According to Chinese folklore, the Dragon has nine sons (nine manifestations or derivatives), and the Qilin ranks first. The Qilin is an auspicious sacred animal representing virtue and good fortune. Qilin dancing is an auspicious and joyous Hakka traditional practice where the colourful patterns of the dance costumes, the quick movements and the noises and racket are well-loved. The Hakka people would perform Qilin dance during festivals and celebrations to express their hopes for good fortune and a better future, and it is also one of the few entertainments the thrifty and simple Hakka people could enjoy.
It is said that originally, the Qilin’s appearances were drawn on paintings, but it was difficult to keep the painted scrolls as the Hakka people were constantly moving. Thus, they created the Qilin dance costume from the paintings and integrated martial-arts movements of Jiangxi Province to form the Qilin dance. It is an interpretation of the good fortune brought about by the Qilin, and the dance has been passed on for many generations. Each Hakka village in Hong Kong used to have their own Qilin team but as time passes by, the tradition is fading away and only a few villages have their own Qilin team now.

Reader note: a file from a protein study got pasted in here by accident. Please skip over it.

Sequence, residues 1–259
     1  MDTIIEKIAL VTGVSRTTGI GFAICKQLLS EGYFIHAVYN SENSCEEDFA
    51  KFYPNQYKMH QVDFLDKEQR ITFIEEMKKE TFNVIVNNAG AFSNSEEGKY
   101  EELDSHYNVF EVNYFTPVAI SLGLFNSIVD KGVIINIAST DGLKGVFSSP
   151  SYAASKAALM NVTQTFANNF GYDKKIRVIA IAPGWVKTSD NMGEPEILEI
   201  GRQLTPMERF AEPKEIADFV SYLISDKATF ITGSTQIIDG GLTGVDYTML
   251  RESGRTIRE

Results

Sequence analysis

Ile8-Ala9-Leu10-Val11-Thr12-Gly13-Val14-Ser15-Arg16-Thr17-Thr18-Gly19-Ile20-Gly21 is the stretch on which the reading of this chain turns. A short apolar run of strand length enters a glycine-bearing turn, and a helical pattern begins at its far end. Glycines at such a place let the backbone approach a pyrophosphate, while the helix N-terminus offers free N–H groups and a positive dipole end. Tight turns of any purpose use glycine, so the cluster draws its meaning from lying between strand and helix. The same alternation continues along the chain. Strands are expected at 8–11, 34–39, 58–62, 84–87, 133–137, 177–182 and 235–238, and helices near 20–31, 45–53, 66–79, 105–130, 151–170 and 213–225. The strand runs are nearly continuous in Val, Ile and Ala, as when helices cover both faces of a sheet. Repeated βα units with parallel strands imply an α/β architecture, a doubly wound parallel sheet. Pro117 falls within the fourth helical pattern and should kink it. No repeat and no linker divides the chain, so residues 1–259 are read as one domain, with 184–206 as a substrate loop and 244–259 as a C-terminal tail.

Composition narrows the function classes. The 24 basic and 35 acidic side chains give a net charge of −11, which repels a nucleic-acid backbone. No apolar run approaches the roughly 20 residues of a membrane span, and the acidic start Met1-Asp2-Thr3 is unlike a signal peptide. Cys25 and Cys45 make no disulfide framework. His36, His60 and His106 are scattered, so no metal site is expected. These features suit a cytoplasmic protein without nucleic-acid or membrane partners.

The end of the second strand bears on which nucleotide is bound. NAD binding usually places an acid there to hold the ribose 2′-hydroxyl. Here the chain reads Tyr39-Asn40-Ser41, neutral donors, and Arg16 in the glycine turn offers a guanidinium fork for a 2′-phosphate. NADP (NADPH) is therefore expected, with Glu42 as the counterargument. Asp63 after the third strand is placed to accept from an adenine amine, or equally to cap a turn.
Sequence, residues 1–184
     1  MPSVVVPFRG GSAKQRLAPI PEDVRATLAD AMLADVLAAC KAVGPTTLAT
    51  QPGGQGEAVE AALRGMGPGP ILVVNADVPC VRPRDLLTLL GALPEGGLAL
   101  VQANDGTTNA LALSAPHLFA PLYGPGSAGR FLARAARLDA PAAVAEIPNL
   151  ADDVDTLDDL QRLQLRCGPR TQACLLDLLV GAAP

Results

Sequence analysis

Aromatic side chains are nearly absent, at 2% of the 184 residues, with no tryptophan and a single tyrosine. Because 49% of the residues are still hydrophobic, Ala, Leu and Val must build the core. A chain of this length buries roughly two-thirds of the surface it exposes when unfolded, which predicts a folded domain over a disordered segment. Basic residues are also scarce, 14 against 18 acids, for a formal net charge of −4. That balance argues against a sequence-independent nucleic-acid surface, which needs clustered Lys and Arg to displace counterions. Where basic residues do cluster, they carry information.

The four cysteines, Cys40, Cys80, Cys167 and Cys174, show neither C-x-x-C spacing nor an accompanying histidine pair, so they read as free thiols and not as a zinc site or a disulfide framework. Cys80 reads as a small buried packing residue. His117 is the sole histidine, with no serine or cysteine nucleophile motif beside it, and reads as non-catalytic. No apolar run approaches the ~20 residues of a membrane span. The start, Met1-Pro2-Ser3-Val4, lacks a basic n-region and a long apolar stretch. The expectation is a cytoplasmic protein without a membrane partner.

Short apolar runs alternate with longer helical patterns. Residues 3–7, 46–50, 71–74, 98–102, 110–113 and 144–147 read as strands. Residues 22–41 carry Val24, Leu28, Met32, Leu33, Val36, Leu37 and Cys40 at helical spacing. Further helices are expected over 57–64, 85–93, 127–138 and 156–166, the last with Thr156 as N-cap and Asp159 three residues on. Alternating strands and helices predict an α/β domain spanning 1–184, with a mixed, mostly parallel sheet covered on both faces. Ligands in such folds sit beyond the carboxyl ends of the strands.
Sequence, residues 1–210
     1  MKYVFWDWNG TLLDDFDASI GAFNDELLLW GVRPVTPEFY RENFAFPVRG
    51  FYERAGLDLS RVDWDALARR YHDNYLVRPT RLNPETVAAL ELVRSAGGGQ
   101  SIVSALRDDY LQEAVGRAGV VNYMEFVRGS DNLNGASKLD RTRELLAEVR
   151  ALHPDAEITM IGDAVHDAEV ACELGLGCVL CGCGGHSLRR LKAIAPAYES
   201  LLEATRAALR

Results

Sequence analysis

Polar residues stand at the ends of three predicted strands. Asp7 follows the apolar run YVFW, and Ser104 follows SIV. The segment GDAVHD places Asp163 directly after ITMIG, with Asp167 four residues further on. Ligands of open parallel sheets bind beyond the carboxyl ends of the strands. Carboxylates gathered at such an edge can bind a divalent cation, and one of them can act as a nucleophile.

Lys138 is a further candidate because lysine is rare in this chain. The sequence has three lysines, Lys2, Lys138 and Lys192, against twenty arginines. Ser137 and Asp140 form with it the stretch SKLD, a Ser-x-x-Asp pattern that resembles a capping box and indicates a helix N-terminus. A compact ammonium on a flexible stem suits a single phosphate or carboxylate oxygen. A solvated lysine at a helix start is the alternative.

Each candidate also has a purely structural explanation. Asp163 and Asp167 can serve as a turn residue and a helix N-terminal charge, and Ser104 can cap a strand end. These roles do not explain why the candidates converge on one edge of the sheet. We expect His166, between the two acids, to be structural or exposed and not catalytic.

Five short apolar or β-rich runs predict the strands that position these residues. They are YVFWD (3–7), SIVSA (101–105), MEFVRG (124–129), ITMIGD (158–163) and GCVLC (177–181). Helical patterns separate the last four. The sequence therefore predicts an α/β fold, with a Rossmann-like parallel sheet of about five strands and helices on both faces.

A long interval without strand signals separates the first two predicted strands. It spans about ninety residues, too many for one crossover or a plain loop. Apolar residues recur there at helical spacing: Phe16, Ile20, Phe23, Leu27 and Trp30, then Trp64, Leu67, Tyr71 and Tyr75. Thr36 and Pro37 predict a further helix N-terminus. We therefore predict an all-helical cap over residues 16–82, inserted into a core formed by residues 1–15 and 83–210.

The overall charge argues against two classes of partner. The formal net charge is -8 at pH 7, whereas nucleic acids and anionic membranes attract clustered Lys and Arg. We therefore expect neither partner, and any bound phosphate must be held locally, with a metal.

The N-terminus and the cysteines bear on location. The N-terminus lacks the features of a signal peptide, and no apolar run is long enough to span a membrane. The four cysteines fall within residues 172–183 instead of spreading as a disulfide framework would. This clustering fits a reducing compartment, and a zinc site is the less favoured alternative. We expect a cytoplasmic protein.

Qilin Dance has been listed in China as a National Intangible Cultural Heritage in 2009, so as to place importance on its preservation.